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Belt Plaque


Maya, Late Preclassic
150-350 CE
11.75 cm x 5.4 cm (4 5/8 in. x 2 1/8 in.)
jadeite
PC.B.586

On view


Permalink: http://museum.doaks.org/objects-1/info/22541

Additional Images
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Description
One side of this plaque is etched with a standing human figure. The figure faces left, with his right hand raised and gesturing, and his left arm hanging down at the side. His head is broken off at the top. He wears a large necklace, bracelets, and anklets. His skirt is topped by a woven belt with a deity-head ornament and three hanging celts. Elaborate leggings support a monster head ornament at each knee.

The back of the plaque bears a double panel of glyphs, possibly the earliest dated Maya text known to scholars. The inscription consists of a date, probably 8.4.0.0.0. (July 15, 150 CE), followed by the name of a ruler. The glyphs are read in pairs, from top to bottom, and the last one may be an early form of the ahau title of nobility.

Three holes drilled into the plaque suggest that it was hung in several different orientations over time.


Bibliography
Coe, Michael D. 1976 Early Steps in the Evolution of Maya Writing. In Origins of Religious Art and Iconography in Preclassic Mesoamerica, H. B. Nicholson, ed., pp. 107-122. Latin American Studies Series, 31. University of California, Los Angeles, Latin American Center, Los Angeles. p. 120, fig. 17.

Fields, Virginia M. and Dorie Reents-Budet (EDS.) 2005 Lords of Creation: The Origins of Sacred Maya Kingship. Scala; Los Angeles County Museum of Art, London; Los Angeles. p. 196, cat. 92.

Foster, Lynn V. 2002 Handbook to Life in the Ancient Maya World. Facts on File: Library of World History. Facts on File, New York. p. 277.

Graham, Mark Miller 1998 Mesoamerican Jade and Costa Rica. In Jade in Ancient Costa Rica, Mark Miller Graham and Julie Jones, eds., pp. 38-58. Metropolitan Museum of Art, New York. p. 51, fig. 36.

Grube, Nikolai 1994 Observations on the History of Maya Hieroglyphic Writing. In Seventh Palenque Round Table, 1989, Virginia M. Fields, ed., pp. 177-186. Palenque Round Table (7 Session, 1989). Pre-Columbian Art Research Institute, San Francisco. p. 11.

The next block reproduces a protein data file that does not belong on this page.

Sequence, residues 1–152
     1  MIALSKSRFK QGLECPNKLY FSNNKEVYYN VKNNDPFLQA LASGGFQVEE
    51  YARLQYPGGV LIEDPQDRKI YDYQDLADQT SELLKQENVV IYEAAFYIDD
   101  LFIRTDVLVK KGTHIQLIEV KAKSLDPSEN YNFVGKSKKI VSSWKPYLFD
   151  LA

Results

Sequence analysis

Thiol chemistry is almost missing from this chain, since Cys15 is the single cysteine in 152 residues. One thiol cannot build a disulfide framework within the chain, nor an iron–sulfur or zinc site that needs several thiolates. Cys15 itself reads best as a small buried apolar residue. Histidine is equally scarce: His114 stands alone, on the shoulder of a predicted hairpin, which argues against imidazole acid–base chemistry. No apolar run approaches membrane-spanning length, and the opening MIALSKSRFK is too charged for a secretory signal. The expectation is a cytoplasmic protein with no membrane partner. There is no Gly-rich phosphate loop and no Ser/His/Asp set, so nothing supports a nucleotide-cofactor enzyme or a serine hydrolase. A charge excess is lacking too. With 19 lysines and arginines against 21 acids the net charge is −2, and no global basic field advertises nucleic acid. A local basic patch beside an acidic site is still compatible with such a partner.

Grube, Nikolai and Simon Martin 2001 The Coming of Kings: Writing and Dynastic Kingship in the Maya Rea between the Late Preclassic and the Early Classic. In Notebook for the 25th Maya Hieroglyphic Forum at Texas. University of Texas at Austin, Austin. p. II-32.

Houston, Stephen D. 2011 All Things Must Change: Maya Writing over Time and Space. In Their Way of Writing: Scripts, Signs, and Pictographies in Pre-Columbian America, Elizabeth Hill Boone and Gary Urton, eds., pp. 21-42. Dumbarton Oaks Pre-Columbian Symposia and Colloquia. Dumbarton Oaks Research Library and Collection, Washington, D.C., p. 29, fig. 3.5.

Kerr, Justin n.d. A Precolumbian Portfolio: An Archive of Photographs. http://research.mayavase.com/kerrportfolio.html. cat. K2839.

Lange, Frederick W. 1992 Wealth and Hierarchy in the Intermediate Area: A Symposium at Dumbarton Oaks, 10th and 11th October 1987. Dumbarton Oaks Research Library and Collection, Washington, D.C., p. 191.

Law, Daniel A. n.d. A Grammatical Description of the Early Classic Maya Hieroglyphic Inscriptions. M.A. thesis, Brigham Young University, 2006. p. 31, 123.

Macri, Martha J. and Laura M. Stark 1993 A Sign Catalog of the La Mojarra Script. Monograph / Pre-Columbian Art Research Institute; 5. Pre-Columbian Art Research Institute, San Francisco. p. 5.

Mora-Marin, David F. n.d. The Grammar, Orthography, Content, and Social Context of Late Preclassic Mayan Portable Texts. Ph.D. doctoral thesis, Department of Anthropology, State University of New York at Albany, 2001. p. 709, fig. A.1.11.

Mora-Marín, David F., 2001 Late Preclassic Inscription Documentation Project Report submitted to the Foundation for the Advancement of Mesoamerican Studies, Inc. . fig. 11.

Pillsbury, Joanne, Miriam Doutriaux, Reiko Ishihara-Brito and Alexandre Tokovinine (EDS.) 2012 Ancient Maya Art at Dumbarton Oaks. Pre-Columbian Art at Dumbarton Oaks, Number 4. Dumbarton Oaks Research Library and Collection, Washington, D.C., p. 184-189, pl. 19, fig. 101.

Pohl, Mary E. D., Kevin O. Pope and Christopher Von Nagy 2002 Olmec Origins of Mesoamerican Writing. Science 298:1984-1987. fig. 3d.

Schele, Linda n.d. The Linda Schele Drawing Collection. FAMSI, URL: <http://research.famsi.org/schele.html>. cat. 6908.

Schele, Linda and Mary Ellen Miller 1986 The Blood of Kings: Dynasty and Ritual in Maya Art. Kimbell Art Museum, Fort Worth. p. 82-83, 99, pl. 22.

Stross, Brian 1992 Olmec Crayfish Farming. Estudios de cultura maya 19:133-186. p. 150.







Exhibition History
"Blood of Kings: A New Interpretation of Maya Art", Kimbell Art Museum, Fort Worth, TX, 5/17 - 8/24/1986; The Cleveland Museum of Art, Cleveland, OH, 10/8 - 12/14/1986.

"Lords of Creation: The Origins of Sacred Maya Kingship, Los Angeles County Museum of Art, Los Angeles, CA, 9/9/2005 - 1/8/2006; Dallas Museum of Art, Dallas, TX, 2/12 - 5/7/2006; Metropolitan Museum of Art, New York, NY, 6/11/ - 9/10/06.

"Pass It On: Non-Verbal Communication in the Pre-Columbian World", Dumbarton Oaks, Washington DC, 10/10/2008 - 5/1/2009.


Acquisition History
Formerly in the collection of Valetta Malinowski.

Purchased from Valetta Malinowski (collector), by Dumbarton Oaks, 1970.

Dumbarton Oaks Research Library and Collection, Pre-Columbian Collection, Washington, DC.


Anthropomorphic | Glyphs | Mayas | Pendant